Various drugs have been used for the treatment of leishmaniasis, but they often have adverse effects on the body's organs. In this study, we aimed to explore the effects of one type of drug, Miltefosine (MIL), and its analogue or modifier, liposomal Miltefosine (NMIL), on several fetal organs using both in silico analysis and practical tests on chicken embryos. Our in silico approach involved predicting the affinities of MIL and NMIL to critical proteins involved in leishmaniasis, including Vascular Endothelial Growth Factor A (VEGF-A), the Kinase insert domain receptor (KDR1), and apoptotic-regulator proteins (Bcl-2-associate). We then validated and supported these predictions through in vivo investigations, analyzing gene expression and pathological changes in angiogenesis and apoptotic mediators in MIL- and NMIL-treated chicken embryos. The results showed that NMIL had a more effective action towards VEGF-A and KDR1 in leishmaniasis, making it a better candidate for potential operative treatment during pregnancy than MIL alone. In vivo, studies also showed that chicken embryos under MIL treatment displayed less vascular mass and more degenerative and apoptotic changes than those treated with NMIL. These results suggest that NMIL could be a better treatment option for leishmaniasis during pregnancy.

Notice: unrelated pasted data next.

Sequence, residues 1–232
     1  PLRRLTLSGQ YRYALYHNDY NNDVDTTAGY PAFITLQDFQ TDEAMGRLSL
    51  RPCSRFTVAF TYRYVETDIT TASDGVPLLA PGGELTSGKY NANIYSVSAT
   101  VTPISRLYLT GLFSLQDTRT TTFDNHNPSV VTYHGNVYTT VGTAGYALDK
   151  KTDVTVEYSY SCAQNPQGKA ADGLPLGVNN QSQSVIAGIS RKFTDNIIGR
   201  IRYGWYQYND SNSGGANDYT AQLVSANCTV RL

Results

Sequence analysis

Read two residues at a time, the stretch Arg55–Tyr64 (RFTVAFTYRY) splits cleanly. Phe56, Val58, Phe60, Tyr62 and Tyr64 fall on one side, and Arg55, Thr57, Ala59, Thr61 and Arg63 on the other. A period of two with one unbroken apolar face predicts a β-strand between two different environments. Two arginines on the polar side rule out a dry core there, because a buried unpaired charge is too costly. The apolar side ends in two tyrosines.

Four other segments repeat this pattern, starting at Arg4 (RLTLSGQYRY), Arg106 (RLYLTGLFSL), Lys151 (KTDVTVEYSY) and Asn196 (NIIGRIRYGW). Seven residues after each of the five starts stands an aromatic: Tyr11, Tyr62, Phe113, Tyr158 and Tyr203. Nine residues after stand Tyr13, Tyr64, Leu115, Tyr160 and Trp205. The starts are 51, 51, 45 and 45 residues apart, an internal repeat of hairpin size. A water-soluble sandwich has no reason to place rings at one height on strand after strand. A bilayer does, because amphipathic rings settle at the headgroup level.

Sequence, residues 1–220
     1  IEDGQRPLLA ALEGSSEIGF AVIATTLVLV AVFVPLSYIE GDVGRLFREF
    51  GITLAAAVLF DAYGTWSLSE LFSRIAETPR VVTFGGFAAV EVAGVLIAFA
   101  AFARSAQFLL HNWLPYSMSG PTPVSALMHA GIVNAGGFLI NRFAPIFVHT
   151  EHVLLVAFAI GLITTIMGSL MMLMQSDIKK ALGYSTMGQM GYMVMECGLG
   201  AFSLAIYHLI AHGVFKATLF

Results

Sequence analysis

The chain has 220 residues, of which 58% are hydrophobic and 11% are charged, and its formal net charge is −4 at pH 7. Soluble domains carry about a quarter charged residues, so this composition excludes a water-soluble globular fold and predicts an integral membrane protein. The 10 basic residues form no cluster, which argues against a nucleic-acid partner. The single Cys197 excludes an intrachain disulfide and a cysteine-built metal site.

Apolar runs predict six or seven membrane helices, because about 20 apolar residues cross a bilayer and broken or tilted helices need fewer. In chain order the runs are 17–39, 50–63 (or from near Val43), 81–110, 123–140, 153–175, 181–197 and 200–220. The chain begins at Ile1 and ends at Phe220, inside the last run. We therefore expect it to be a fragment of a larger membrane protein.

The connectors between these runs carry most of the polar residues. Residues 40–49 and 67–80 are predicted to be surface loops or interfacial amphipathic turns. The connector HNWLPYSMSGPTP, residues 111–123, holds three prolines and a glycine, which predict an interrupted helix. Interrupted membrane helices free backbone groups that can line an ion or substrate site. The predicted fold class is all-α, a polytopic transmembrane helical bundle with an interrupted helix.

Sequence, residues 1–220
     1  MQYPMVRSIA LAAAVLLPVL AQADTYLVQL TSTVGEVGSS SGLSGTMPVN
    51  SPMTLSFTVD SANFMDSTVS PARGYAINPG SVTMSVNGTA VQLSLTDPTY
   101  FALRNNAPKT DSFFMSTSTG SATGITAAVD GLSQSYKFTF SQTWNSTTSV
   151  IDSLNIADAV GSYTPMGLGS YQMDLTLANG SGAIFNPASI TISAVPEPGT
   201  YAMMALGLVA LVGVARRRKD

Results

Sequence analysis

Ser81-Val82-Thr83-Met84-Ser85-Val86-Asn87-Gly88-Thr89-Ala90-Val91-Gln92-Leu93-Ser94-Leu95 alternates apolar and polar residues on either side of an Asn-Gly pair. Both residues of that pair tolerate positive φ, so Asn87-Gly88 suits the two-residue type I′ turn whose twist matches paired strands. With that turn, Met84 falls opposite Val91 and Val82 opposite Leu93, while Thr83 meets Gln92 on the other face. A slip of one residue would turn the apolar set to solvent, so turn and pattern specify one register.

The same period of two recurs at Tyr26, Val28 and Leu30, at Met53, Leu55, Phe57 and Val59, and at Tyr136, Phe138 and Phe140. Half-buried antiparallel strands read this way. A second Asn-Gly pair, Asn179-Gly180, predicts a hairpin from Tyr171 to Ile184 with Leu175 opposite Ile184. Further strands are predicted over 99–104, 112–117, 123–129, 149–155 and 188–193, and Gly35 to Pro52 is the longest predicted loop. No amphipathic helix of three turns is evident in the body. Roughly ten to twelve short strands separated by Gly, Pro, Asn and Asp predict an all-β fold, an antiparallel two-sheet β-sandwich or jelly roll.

- Antiprotozoal Agents/pharmacology
- Chick Embryo
- Leishmaniasis, Visceral/drug therapy
- Vascular Endothelial Growth Factor A/genetics